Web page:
The relationship between cultural identity and racial difference becomes even clearer if we look at the argument that cultures must be protected and preserved. If a 'culture is decaying', Avishai Margalit and Joseph Raz argue, then 'the options and opportunities open to its members will shrink, become less attractive, and their pursuit less likely to be successful.' So society must step in prevent such decay. Will Kymlicka similarly argues that since cultures are essential to peoples' lives, so where 'the survival of a culture is not guaranteed, and, where it is threatened with debasement or decay, we must act to protect it.' For Charles Taylor, once 'we're concerned with identity, nothing ‘is more legitimate than one’s aspiration that it is never lost'. Hence a culture needs to be protected not just in the here and now but through 'indefinite future generations'.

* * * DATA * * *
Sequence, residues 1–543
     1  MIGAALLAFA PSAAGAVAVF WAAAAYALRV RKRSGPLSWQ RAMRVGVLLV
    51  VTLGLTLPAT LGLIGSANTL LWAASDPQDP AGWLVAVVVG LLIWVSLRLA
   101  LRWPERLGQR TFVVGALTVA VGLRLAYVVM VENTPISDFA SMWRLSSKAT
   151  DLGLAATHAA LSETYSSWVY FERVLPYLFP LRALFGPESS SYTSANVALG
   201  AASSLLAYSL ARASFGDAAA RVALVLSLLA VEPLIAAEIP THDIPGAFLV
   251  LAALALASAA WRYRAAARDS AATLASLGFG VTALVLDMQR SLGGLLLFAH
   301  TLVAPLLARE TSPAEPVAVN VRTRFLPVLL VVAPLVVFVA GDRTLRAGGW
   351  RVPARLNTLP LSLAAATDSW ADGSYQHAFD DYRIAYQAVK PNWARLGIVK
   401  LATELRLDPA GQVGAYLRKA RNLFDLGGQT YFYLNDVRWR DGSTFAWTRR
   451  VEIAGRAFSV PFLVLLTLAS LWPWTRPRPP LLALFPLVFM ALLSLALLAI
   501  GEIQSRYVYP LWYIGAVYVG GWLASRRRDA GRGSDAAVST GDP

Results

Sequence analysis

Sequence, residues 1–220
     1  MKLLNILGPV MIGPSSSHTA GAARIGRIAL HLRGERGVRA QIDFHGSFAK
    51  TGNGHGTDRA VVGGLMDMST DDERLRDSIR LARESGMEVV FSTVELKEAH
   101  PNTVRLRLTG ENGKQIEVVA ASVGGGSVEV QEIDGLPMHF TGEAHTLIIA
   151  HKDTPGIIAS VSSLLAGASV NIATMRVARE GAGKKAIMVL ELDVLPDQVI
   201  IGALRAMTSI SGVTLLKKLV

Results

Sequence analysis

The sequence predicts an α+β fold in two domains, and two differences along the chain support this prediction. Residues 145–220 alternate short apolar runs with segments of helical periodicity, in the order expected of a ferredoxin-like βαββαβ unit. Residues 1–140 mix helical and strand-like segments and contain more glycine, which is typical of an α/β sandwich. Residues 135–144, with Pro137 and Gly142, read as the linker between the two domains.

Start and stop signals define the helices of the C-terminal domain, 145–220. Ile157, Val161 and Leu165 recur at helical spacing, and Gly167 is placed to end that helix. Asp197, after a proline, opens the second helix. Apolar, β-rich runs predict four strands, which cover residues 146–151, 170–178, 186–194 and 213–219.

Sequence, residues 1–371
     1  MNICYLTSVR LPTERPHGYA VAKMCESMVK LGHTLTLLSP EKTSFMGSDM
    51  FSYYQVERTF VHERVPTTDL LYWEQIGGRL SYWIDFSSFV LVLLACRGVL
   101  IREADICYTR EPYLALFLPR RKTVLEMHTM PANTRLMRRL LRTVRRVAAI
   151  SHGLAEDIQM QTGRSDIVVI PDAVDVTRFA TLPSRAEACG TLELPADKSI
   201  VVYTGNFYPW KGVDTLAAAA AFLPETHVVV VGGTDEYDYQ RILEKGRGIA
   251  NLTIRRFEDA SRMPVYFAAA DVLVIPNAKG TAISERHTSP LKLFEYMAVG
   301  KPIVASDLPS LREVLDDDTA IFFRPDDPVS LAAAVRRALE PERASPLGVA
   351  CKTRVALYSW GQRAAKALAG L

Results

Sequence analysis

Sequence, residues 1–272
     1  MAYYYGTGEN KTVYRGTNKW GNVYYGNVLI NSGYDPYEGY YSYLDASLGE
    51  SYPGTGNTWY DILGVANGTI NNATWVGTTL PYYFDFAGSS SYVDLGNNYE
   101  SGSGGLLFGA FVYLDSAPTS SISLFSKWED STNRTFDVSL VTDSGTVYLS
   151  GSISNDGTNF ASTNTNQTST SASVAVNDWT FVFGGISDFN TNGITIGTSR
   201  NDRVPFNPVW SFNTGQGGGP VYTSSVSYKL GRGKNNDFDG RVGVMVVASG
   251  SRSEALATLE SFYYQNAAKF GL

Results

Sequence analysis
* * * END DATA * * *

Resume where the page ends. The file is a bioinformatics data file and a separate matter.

A century ago intellectuals worried about the degeneration of the race. Today we fear cultural decay. Is the notion of cultural decay any more coherent than that of racial degeneration? Cultures certainly change and develop, a point few multiculturalists would dispute. But what does it mean for a culture to decay? Or for an identity to be lost? Will Kymlicka draws a distinction between the ‘existence of a culture’ and ‘its “character” at any given moment’. The character of culture can change but such changes are only acceptable if the existence of that culture is not threatened. But how can a culture exist if that existence is not embodied in its character? By ‘character’ Kymlicka seems to mean the actuality of a culture: what people do, how they live their lives, the rules and regulations and institutions that frame their existence. So, in making the distinction between character and existence, Kymlicka seems to be suggesting that Jewish, Navajo or French culture is not defined by what Jewish, Navajo or French people are actually doing. For if Jewish culture is simply that which Jewish people do or French culture is simply that which French people do, then cultures could never decay or perish they would always exist in the activities of people.